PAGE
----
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Relationship-Based Supply Chain Management

relationship-based supply chain management

The electronics industry relies heavily on supplier relationships to continue producing the products we all enjoy. The supplier relationships developed between companies span across components, services, production, and raw materials. Many companies prefer to maintain these relationships over time and leverage them as part of their competitive advantage. This form of supply chain management, where vendor relationships are paramount to competitiveness, is sometimes called relationship-based supply chain management (RSCM).

This line of thought emphasizes the importance of building and maintaining strong relationships with all stakeholders in the supply chain. This approach recognizes that the success of a supply chain is not just about optimizing individual processes or transactions. It is also about fostering collaboration, trust, and mutual benefit among all participants.

How Supplier Relationships Form

All supplier relationships for organically over time, rather than through a concerted effort to locate and engage a supplier in a long-term business relationship. The initial selection and qualification of a new supplier can be influenced by many factors, such as available inventory and the strategic significance of the components being provided.

Companies don’t always seek out vendors in an attempt to create a long-term vendor relationship. Typically the vendor proves their company’s value and capabilities over time after the buyer engages based on a need for a specific product or service. After a vendor continuously proves their worth to a buyer, it becomes much easier to continuously engage them in new business and leverage their capabilities to remain competitive.

Companies that want to position themselves as long-term vendors can take several steps to prove their value and capabilities:

  • Responsiveness to vendor requests for quote, purchase orders, and order modifications
  • Extension and receipt of credit relationships with a buyer/vendor
  • Continuous improvement based specifically on vendor/buyer feedback
  • Preferred pricing or commission arrangements
  • Prioritization of order status and order transparency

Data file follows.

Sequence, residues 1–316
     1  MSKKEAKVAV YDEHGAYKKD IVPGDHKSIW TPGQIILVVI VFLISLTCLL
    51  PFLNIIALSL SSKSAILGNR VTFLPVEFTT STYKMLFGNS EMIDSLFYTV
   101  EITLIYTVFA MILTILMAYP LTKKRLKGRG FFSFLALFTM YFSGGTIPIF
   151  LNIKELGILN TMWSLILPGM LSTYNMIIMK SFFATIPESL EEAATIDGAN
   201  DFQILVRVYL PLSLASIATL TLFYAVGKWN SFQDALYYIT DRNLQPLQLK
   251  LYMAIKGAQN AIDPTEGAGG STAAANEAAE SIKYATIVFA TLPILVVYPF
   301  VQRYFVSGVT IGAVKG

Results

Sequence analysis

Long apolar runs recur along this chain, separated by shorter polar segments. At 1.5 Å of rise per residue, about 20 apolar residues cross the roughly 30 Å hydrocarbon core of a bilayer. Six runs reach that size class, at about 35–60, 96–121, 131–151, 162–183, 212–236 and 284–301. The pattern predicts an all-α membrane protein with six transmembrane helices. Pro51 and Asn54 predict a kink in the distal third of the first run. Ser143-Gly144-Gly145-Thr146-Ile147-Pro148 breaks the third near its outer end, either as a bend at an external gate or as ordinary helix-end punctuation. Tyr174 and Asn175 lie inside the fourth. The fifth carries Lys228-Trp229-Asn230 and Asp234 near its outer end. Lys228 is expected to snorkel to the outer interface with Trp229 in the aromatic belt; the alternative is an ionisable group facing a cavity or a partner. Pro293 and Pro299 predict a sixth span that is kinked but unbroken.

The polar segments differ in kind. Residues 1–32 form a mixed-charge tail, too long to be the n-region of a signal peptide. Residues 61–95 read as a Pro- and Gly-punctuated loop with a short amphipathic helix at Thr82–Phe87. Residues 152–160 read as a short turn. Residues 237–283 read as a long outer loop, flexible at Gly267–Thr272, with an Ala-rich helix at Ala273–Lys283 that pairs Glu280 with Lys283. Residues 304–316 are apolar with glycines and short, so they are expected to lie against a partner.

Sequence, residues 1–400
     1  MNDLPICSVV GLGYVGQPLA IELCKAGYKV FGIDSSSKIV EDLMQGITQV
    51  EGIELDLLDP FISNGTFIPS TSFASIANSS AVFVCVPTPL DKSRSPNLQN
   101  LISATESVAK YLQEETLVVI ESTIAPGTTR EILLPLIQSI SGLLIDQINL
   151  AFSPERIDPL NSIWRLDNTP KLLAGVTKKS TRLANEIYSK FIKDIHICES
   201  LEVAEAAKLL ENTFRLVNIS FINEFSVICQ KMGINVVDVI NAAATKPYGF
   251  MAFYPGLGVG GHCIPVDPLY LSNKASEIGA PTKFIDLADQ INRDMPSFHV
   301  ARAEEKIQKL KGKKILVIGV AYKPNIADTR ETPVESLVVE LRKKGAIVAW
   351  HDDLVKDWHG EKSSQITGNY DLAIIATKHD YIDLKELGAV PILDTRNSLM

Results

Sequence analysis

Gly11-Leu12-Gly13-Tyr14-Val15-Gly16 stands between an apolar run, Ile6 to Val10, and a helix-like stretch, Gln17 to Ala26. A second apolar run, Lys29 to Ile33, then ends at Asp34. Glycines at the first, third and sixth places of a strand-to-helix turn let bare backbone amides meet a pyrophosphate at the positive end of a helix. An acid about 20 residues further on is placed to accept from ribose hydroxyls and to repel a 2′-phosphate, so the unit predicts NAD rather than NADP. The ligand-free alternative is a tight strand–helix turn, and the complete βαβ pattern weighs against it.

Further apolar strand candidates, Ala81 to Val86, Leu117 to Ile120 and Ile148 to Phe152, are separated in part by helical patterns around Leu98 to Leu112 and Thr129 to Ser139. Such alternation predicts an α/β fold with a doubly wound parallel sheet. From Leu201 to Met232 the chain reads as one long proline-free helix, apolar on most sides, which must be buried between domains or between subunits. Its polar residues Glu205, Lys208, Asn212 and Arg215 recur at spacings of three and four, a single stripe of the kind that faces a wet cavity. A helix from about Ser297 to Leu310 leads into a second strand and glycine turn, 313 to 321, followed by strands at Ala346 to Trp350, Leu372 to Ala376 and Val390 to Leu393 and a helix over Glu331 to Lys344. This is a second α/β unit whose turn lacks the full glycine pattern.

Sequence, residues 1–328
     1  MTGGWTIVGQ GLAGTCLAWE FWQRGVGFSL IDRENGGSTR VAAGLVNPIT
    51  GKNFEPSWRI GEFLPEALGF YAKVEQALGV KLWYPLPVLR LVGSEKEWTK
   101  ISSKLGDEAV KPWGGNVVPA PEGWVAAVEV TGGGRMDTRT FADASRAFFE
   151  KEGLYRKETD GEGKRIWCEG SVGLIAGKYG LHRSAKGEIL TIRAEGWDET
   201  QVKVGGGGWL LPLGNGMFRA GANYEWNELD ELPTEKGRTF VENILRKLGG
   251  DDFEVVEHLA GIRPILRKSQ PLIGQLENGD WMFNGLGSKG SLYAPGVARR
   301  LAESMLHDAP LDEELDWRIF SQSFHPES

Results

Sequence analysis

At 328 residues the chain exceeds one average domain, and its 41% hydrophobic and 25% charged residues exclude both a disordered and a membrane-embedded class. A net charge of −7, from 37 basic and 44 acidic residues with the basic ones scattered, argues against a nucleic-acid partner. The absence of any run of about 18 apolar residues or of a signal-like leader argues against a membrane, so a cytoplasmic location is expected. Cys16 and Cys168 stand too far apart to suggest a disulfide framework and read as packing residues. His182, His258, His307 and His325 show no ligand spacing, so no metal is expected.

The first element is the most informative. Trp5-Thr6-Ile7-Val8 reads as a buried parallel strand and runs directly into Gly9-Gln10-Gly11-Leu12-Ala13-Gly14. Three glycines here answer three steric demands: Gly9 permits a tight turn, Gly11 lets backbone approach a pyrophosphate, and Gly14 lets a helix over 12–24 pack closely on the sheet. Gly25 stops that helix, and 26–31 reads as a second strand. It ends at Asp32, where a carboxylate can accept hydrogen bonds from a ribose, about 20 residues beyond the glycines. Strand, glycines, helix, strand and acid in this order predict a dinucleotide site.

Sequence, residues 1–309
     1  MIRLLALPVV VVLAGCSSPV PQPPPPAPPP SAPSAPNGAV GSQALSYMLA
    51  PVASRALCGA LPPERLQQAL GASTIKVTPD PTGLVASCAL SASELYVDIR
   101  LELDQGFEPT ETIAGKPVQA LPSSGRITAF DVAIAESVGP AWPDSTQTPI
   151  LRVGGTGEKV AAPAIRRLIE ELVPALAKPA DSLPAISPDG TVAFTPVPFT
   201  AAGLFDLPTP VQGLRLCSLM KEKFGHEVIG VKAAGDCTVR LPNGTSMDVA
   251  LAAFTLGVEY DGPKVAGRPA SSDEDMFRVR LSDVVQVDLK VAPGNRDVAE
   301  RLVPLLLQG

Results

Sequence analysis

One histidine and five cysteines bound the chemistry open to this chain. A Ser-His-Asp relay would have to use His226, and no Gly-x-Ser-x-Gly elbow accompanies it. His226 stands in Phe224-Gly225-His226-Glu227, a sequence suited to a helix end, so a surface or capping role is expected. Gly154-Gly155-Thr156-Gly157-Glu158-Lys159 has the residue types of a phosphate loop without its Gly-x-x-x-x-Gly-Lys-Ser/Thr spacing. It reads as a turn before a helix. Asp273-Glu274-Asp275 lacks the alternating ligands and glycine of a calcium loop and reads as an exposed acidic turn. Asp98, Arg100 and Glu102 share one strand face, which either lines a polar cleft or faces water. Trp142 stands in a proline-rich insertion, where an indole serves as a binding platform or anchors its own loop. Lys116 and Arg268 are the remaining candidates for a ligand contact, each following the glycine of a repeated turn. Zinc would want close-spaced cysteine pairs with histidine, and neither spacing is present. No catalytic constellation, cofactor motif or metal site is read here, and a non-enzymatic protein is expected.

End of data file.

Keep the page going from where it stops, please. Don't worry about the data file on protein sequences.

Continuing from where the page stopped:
• More direct communication between the buyer and vendor POCs

Just like any relationship, the relationship between supply chain partners should be nurtured and improved upon over time. Instead of focusing on short-term gains, companies should focus on building their preferred vendor relationships, especially in areas where a competitive advantage can be gained. Buyers will often integrate preferred suppliers into their operational framework, and the payoff for vendors can be significant as it leads to a longer relationship with significant ROI.

Leverage Your Supplier Relationships

Once long-term supplier relationships have begun to form, how can companies leverage those available capabilities to increase their competitiveness? There is a fine line involved in prioritizing one supplier as part of core operations without creating a new source of risk through under-diversification.

Some of the most common ways to leverage long-term supplier relationships include:

New capabilities: Building a long-term relationship with a vendor allows a buyer to market the vendor’s capabilities as their own. Pricing can then be based on a pay-per-service model with a markup, or the buyer can earn a commission on sales funneled to the vendor. Both the vendor and buyer benefit as their reach is expanded into a new customer base. Typically the buyer and vendor can collaborate on messaging and closing leads to generate new revenue.

Emergency capabilities: Another instance where new suppliers can be leveraged to expand capabilities is in times of emergency, where internal bandwidth or inventory isn’t available. For EMS companies, small design firms, distributors, assemblers, etc. this could mean working with a preferred broker when semiconductor vendors and big distributors can’t supply needed parts. As an OEM looking for design services, you might outsource your overflow design tasks to an outside firm to help meet deadlines.

Second source: The diversification of sources for products and services is the new strategy companies have developed to ensure sustainability. For example, rather than work with a single parts distributor, EMS companies and OEMs are increasingly turning to 3PL companies who can qualify brokers and resellers. For design services, it’s common for engineering firms and OEMs to keep a roster of contract engineering firms readily available to ensure they can always access additional design capacity when necessary.


Long-term supplier relationships in the electronics industry can be very important to competitiveness and access to new capabilities if they are leveraged correctly. The most reliable vendors for your business will emerge over time and the relationships grow organically, eventually creating a reliable product and/or service stream. Fostering long-term buyer-vendor relationships is a two-way street; either both sides are committed or the relationship goes stagnant.

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